The Centre has liberalised FDI rules in as many as 15 sectors. Realty and construction is among the biggest beneficiaries, as all restrictions have been removed barring a three-year lock-in. Bloomberg TV India caught up with Rajeev Talwar, Group Executive Director of DLF, to discuss the implications for the real estate space.
The government last week relaxed FDI rules for 15 sectors including real estate. I want to get a sense of what you make of the entire reform process that had been slow and continues to be a bit slacking compared to what was anticipated…
I think this is the biggest thing which has happened after the 1991-96 reforms. The government has stated its intention very openly. They have also liberalised in more than one sector — in fact 15 sectors. I think this is the beginning we are seeing of the big-bang reforms, which are to come into the Indian economy if it has to grow from the current size of $2 trillion to something like $8-10 trillion in the foreseeable future.
Yes, I think the entire industry will benefit from the removal of the restrictions on minimum size and minimum investment and minimum capital investment or exit options and then making it possible for entities abroad to even trade in real estate plus also to put in money into finished projects. I think what they are really doing is opening the floodgates to finance, which will mean two things — first, any leverage balance sheet can be set right. There can be strength given to real estate developers and construction firms themselves.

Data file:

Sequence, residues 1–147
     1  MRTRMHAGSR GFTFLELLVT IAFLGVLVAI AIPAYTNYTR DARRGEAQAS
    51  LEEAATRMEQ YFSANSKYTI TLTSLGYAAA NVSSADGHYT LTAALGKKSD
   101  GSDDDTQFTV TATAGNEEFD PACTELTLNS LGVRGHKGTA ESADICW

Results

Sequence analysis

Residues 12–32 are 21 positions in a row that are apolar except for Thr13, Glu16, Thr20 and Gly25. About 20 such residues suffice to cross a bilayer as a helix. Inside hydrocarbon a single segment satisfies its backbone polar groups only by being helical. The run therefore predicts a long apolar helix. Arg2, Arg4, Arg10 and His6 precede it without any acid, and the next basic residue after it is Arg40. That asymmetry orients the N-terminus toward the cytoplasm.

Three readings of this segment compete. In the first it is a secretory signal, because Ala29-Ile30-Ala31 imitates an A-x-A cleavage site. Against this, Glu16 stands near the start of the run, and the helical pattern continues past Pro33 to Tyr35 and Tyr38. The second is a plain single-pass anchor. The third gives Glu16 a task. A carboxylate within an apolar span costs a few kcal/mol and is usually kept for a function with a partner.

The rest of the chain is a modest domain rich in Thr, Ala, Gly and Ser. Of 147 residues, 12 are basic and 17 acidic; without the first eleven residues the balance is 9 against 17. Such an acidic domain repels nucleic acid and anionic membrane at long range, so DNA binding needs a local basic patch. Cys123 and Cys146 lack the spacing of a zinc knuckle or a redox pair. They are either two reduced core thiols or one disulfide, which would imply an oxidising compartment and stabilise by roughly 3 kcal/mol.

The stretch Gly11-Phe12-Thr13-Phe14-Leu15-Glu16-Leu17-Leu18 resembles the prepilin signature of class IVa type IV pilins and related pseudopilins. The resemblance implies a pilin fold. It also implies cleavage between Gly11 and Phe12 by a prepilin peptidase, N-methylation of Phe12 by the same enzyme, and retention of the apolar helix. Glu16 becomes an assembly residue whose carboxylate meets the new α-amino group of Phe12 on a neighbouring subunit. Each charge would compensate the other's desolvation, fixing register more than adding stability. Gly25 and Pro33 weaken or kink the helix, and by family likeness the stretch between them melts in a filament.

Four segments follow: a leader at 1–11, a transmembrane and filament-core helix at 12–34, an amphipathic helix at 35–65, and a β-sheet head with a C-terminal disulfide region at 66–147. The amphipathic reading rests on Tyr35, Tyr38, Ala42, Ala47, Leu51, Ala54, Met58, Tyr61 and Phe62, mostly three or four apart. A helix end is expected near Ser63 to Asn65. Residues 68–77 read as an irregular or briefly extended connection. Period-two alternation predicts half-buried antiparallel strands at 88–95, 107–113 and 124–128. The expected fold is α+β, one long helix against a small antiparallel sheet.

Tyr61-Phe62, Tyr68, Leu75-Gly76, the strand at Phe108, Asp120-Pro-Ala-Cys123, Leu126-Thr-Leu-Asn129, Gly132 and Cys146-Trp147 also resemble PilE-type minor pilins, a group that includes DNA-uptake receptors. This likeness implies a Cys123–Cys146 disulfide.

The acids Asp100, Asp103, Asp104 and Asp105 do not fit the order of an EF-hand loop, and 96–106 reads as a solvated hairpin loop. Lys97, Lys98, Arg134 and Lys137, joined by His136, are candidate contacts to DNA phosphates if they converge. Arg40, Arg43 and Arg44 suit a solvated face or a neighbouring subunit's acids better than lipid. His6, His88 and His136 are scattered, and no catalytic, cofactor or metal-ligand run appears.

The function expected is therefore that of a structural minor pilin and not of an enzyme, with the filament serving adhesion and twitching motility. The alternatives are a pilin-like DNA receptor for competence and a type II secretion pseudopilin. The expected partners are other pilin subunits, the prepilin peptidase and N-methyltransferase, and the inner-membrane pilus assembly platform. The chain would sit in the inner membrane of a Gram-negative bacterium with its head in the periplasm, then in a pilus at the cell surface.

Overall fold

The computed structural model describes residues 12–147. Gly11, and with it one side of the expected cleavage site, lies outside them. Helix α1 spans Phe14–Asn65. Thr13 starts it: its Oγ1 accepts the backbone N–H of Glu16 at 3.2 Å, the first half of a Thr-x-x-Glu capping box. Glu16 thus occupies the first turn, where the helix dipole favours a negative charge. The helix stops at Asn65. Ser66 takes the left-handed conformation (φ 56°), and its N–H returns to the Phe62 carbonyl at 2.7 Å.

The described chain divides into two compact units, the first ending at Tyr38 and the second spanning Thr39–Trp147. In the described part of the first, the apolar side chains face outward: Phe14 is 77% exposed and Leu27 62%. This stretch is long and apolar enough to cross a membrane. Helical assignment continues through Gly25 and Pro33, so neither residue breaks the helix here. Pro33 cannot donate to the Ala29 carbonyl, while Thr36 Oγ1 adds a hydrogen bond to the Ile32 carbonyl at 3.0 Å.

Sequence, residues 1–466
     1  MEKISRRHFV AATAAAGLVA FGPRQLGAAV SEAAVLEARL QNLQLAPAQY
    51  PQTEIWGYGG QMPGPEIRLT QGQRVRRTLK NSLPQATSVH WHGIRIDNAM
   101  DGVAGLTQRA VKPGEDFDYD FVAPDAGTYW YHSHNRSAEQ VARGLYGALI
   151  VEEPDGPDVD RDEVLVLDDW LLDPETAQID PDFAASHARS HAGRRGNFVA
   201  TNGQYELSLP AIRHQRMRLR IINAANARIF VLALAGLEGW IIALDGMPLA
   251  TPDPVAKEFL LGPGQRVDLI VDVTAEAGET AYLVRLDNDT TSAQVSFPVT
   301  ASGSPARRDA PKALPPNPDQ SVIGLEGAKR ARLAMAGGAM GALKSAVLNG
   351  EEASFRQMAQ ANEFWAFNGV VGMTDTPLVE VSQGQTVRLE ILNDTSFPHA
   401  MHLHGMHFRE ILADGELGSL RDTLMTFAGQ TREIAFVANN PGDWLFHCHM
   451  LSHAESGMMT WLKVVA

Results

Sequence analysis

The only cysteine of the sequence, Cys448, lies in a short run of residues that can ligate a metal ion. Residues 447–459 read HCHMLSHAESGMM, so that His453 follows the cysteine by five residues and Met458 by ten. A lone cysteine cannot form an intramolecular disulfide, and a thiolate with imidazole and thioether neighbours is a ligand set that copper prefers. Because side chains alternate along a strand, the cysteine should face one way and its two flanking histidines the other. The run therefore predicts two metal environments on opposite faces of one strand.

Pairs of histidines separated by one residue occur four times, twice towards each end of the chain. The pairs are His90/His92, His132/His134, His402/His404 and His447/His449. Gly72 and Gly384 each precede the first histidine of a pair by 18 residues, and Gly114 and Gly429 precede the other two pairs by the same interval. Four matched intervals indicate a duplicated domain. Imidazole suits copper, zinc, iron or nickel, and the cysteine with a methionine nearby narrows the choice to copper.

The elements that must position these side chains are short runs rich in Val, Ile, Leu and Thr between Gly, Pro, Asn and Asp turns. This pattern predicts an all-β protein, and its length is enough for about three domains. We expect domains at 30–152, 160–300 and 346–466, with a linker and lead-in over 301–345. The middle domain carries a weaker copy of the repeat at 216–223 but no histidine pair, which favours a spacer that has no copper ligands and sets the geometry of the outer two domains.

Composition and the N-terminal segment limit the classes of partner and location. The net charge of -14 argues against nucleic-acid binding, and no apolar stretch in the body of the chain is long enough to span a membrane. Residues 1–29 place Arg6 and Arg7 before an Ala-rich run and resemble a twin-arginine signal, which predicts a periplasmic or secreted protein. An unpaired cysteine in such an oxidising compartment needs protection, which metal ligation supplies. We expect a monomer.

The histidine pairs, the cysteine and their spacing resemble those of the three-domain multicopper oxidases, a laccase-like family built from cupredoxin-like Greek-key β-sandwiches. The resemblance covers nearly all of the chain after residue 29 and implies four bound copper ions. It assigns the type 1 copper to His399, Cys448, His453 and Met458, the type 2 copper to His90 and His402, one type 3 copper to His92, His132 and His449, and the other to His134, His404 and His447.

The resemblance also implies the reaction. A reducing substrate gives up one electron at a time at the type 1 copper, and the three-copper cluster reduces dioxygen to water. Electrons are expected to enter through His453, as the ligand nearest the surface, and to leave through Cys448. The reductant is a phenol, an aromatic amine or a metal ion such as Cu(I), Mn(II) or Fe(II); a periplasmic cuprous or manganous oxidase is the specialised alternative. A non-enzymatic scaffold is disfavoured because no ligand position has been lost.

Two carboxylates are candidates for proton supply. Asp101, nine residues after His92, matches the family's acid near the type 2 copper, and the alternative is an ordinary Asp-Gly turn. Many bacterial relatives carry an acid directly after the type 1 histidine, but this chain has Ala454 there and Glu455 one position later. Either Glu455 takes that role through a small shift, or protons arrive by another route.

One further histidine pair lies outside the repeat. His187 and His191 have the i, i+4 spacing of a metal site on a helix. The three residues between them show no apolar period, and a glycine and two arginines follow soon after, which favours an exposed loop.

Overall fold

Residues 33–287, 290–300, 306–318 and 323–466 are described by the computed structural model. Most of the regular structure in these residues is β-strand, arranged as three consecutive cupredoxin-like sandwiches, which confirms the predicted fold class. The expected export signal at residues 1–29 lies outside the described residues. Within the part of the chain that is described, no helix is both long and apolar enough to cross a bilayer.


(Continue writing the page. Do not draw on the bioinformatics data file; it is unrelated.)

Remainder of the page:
Second, it would also mean a much greater change in the paradigm of real estate as well as developers in India. With money coming in, people can go in for projects with due land titles, with due approvals and put up structures which can then be offered to the Indian buyer and therefore may actually end up in changing the entire spectrum and canvas of Indian real estate development.
Besides these two there can be advantages that more money would mean more projects and greater supply would mean moderation of prices for the buyers. So I think, in all, lowering of interest rates earlier, announcement of such packages by the government will mean a huge value addition to employment as well as to GDP growth in the nation.
Now that foreign investment is allowed in finished projects, do you see a reduction in the large inventory?
I think yes. In residential projects I am sure an excess supply of money coming in will mean moderate prices at which it will be monetised and therefore the benefits will be passed on to the customer. But in terms of commercial and retail space it would also mean a great boost to expansion of supply right now and therefore it would mean — first, de-leveraging of companies which are stuck with assets and, second, it would mean a greater supply for new business to come in. So I think all these steps would lead to a huge change in the real estate and construction space in India.
You are absolutely correct. The traditional model of finance in real estate and construction is to take money from people after launching projects. If money is allowed to come in as equity and greater amount of money is allowed to come into smaller projects, I am sure affordable housing will get a huge boost, which is the intention of the government — to provide housing for all by 2022. This can actually lead to many industries, which are basic suppliers, like steel and cement, to also experience an upside. And, therefore, all of these should spell very well for the Indian economy and give a boost to GDP growth which is what construction and real estate have been traditionally known for.